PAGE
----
Photo: Navy Lookout

The Ingenious Design: Why British Aircraft Carriers Have Two Islands

By Albert Cortez

In the realm of naval engineering, a fascinating secret lies within the construction of British aircraft carriers – an ingenious design choice that sets them apart from their counterparts. Discover the strategic brilliance behind the dual islands adorning these formidable vessels, unlocking a world of maritime innovation and military advantage.

Key Takeaways
  • British aircraft carriers boast an ingenious architectural feature that sets them apart from their international counterparts - the presence of two islands on their deck.
  • The origins of the dual-island design can be traced back to the early 20th century, with specific reasons behind its adoption and evolution.

British aircraft carriers have long been at the forefront of naval innovation, and their latest addition, the Queen Elizabeth-class aircraft carriers, stands as a testament to the country’s engineering prowess. These state-of-the-art vessels boast a unique feature that sets them apart from their predecessors and other carriers around the world: the presence of two islands. In this comprehensive article, we explore the reason behind this ingenious design and the multitude of benefits it brings to the functionality and efficiency of these extraordinary aircraft carriers.

The Significance of the Aircraft Carrier’s Island

Photo: GOV.UK

An aircraft carrier’s island, towering above the flight deck, serves as a vital hub for managing flight operations and communication on the ship. It houses essential radar and communication equipment that facilitates the seamless coordination of aircraft takeoffs and landings as well as navigation through challenging waters.

The Evolution of Redundancy in Engine Compartments

In the early stages of designing the Queen Elizabeth-class aircraft carriers in 2001, the British Royal Navy faced the challenge of ensuring redundancy in engine compartments. Redundancy in propulsion systems is crucial for military vessels, as it allows the ship to continue operating even if one engine compartment is damaged during action. The traditional approach to accommodating redundant engine compartments involved a single, long island spanning both compartments. However, this design proved inefficient as it limited flight deck real estate, affecting aircraft operations.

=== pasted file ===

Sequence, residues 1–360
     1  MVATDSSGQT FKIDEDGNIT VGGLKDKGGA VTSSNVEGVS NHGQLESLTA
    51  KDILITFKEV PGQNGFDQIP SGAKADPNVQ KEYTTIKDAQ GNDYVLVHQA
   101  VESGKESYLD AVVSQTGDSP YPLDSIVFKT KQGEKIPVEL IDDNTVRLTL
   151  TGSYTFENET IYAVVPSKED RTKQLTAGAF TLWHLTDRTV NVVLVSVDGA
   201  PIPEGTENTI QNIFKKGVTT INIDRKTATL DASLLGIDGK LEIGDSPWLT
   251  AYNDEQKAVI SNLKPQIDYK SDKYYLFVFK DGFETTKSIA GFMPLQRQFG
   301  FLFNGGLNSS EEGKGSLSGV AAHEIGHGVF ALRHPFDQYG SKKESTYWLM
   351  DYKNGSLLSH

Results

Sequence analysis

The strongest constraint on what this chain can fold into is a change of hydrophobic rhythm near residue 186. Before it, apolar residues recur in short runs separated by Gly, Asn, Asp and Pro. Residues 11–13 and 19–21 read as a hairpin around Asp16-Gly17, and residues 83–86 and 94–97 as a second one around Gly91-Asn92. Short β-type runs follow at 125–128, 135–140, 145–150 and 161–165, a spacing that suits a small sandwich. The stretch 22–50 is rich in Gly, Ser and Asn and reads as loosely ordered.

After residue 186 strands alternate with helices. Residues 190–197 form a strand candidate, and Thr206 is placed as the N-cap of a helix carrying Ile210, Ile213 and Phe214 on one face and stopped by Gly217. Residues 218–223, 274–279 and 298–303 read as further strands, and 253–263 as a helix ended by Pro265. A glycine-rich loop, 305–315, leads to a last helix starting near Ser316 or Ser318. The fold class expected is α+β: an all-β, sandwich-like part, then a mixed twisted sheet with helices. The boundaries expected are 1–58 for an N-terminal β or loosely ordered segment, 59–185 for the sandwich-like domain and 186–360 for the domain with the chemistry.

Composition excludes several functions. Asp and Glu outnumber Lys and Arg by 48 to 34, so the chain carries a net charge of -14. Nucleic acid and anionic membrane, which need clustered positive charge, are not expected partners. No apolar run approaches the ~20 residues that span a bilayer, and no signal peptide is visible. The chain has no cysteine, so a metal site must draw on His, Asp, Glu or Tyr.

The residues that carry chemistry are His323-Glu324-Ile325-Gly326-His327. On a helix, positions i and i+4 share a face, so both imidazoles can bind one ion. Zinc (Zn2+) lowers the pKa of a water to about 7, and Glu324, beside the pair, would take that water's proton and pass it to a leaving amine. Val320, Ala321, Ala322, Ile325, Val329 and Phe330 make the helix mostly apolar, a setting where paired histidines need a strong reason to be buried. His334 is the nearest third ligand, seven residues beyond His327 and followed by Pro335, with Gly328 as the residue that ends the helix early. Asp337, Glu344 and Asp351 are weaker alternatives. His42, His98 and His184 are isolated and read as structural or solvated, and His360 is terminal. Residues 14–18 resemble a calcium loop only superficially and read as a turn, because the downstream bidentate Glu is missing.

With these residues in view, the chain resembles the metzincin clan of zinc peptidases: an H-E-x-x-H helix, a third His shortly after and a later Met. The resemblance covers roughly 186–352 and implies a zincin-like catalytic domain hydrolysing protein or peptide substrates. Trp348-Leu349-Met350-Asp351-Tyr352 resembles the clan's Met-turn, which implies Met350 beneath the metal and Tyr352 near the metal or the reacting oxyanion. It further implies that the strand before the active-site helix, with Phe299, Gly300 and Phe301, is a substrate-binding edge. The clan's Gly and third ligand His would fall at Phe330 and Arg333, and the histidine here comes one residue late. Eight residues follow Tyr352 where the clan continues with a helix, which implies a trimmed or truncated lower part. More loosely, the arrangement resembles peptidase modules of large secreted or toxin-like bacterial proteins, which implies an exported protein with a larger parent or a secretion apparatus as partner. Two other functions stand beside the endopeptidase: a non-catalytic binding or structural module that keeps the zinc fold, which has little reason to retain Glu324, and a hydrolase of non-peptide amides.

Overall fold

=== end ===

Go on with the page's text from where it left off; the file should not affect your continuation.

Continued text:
The Innovation of Dual Islands

Photo: GOV.UK

To overcome the limitations of the traditional single-island design, British engineers conceived a revolutionary approach: two separate islands with independent exhaust and air intake systems. This ingenious solution presented a host of advantages, including:

  • Greater Flight Deck Space: The dual-island design offers more flight deck area compared to a single large island, as the combined footprint of the two smaller islands is smaller.
  • Off-Site Construction: Constructing each island as a separate unit off-site and then lifting it onto the hull at the shipyard significantly streamlines the construction process.
  • Reduced Wind Turbulence: According to wind tunnel testing, two islands ensure smoother flight operations by reducing air turbulence over the flight deck due to the ship’s motion.
  • Enhanced Radar Separation: Mounting powerful radar systems on separate islands minimizes interference and optimizes radar coverage for effective air surveillance.
  • Redundancy and Survivability: The separation of propulsion systems into two complexes provides redundancy, ensuring the ship’s continued operation in the event of damage to one engine compartment.

The Dual-Island Configuration

Photo: Navy Lookout

The forward island of the aircraft carrier houses the bridge, enabling the officer of the watch (OOW) to have an unobstructed view of the ship’s bow, which is especially useful during navigation in confined waters. The bridge, featuring state-of-the-art navigation systems, allows for precise control and safe maneuvering of the vessel. Behind the bridge lies the flag bridge, providing a strategic vantage point for commanding officers during operations.

The aft island is responsible for handling flight control for the carrier’s air wing, coordinating aircraft movements during takeoff and landing. It also houses the emergency conning position and Flyco, where flight operations are managed.

The Twin Islands in Action: HMS Queen Elizabeth and HMS Prince of Wales

The British Royal Navy brought the dual-island design to life with the commissioning of two Queen Elizabeth-class aircraft carriers, HMS Queen Elizabeth in 2017 and HMS Prince of Wales in 2019. These mighty vessels boast a range of approximately 10,000 miles and carry a modern suite of technology and equipment, streamlining operational efficiency.


The innovative design of two islands on British aircraft carriers represents a leap forward in naval engineering, offering improved redundancy, efficiency, and operational capabilities. By maximizing flight deck space, minimizing wind turbulence, and ensuring redundancy in propulsion systems, the dual-island approach has proven its worth in the successful operation of the Queen Elizabeth-class carriers. As Britain’s flagships, these aircraft carriers stand as a testament to the country’s enduring commitment to innovation and excellence in naval engineering.

The dual-island design of British aircraft carriers stands as a testament to innovation and adaptability, enabling us to conquer both the challenges of the past and the uncertainties of the future